Tommaso Spadolini releases details of a dynamic series of pocket superyachts.
“The name was inspired by a beautiful island in the Tyrrhenian Sea that I can see from my summer home by the seaside,” says the Italian designer. “The island of Montecristo forms part of the Tuscan Archipelago National Park, but it’s best known as the setting for the novel ‘The Count of Montecristo’ by Alexandre Dumas. The 30m and 43m represent the smallest and largest in an expandable series that meets the modern needs of the market,” says Spadolini.
The purposeful exterior design is pure Spadolini. Certain features like the air-intake grilles, dark strip glazing and vertical bow, bear a strong family resemblance to other of his designs, such as 48-metre Aslec 4 built by Rossinavi. The elegant arches that connect the main and upper decks aft, on the other hand, are reminiscent of 27-metre Freedom built by CNN. But these styling motifs have been combined with new solutions to create something that is eye-catchingly different.
“Clients today expect outstanding liveability, both inside and outside,” says the designer. “So from the start I decided a distinguishing feature of the series should be a widebody main deck to maximise the interior space. Another request is that they want to be able to make full use of the foredeck, which became a second signature feature.”
The larger yacht has five comfortable guest cabins (3 VIPs and 2 singles) on the lower deck, with access from the main salon aft. The smaller 30m has two VIP suites amidships plus a single cabin accessed by a central staircase from the main salon.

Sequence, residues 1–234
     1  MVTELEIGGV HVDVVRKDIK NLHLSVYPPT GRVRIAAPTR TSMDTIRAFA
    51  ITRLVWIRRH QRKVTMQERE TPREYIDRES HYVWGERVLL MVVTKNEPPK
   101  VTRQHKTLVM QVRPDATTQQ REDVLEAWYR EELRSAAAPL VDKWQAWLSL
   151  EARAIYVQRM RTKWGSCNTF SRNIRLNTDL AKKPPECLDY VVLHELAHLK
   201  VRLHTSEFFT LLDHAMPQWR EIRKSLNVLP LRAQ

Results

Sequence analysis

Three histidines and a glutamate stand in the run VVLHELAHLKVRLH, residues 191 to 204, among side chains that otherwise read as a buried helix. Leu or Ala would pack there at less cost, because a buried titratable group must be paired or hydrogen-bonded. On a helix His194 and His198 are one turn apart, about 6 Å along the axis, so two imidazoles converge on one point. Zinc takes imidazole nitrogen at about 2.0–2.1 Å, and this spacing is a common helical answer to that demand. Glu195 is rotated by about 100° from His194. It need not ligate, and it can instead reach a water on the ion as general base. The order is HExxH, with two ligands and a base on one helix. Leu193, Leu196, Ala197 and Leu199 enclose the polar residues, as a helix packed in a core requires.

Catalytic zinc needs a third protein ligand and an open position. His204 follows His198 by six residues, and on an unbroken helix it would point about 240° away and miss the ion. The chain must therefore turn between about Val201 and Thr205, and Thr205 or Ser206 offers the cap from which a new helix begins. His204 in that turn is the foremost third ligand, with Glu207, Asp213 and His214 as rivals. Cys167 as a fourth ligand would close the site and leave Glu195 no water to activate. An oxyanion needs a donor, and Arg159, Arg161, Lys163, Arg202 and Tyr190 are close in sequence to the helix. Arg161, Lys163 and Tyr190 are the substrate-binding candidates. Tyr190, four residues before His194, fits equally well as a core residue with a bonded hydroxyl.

Main deckThe widebody main deck aboard the 43m is arranged along the port side and comprises a generous salon with bar, a separate dining room, the galley and adjacent pantry. The captain’s cabin is opposite the galley. The 30m has a smaller salon, galley and pantry, and a full-beam master stateroom forward with a large walk-in wardrobe and private day lounge.
The 43m makes full use of the extra volume and elevated position to have the master stateroom on the sun deck behind the wheelhouse.
Both yachts have an aft section on the sun deck made of glass that is designed to incorporate solar cells to provide auxiliary hotel power. The engine room is also configured with space for battery banks to allow silent, zero-emission manoeuvring or cruising at low speed in protected waters for limited periods.
“As a yacht designer, it’s my duty to look after the marine environment,” says Spadolini. “And I see more and more of my clients, perhaps encouraged by their children and grandchildren, taking a more proactive approach to sustainable yachting.”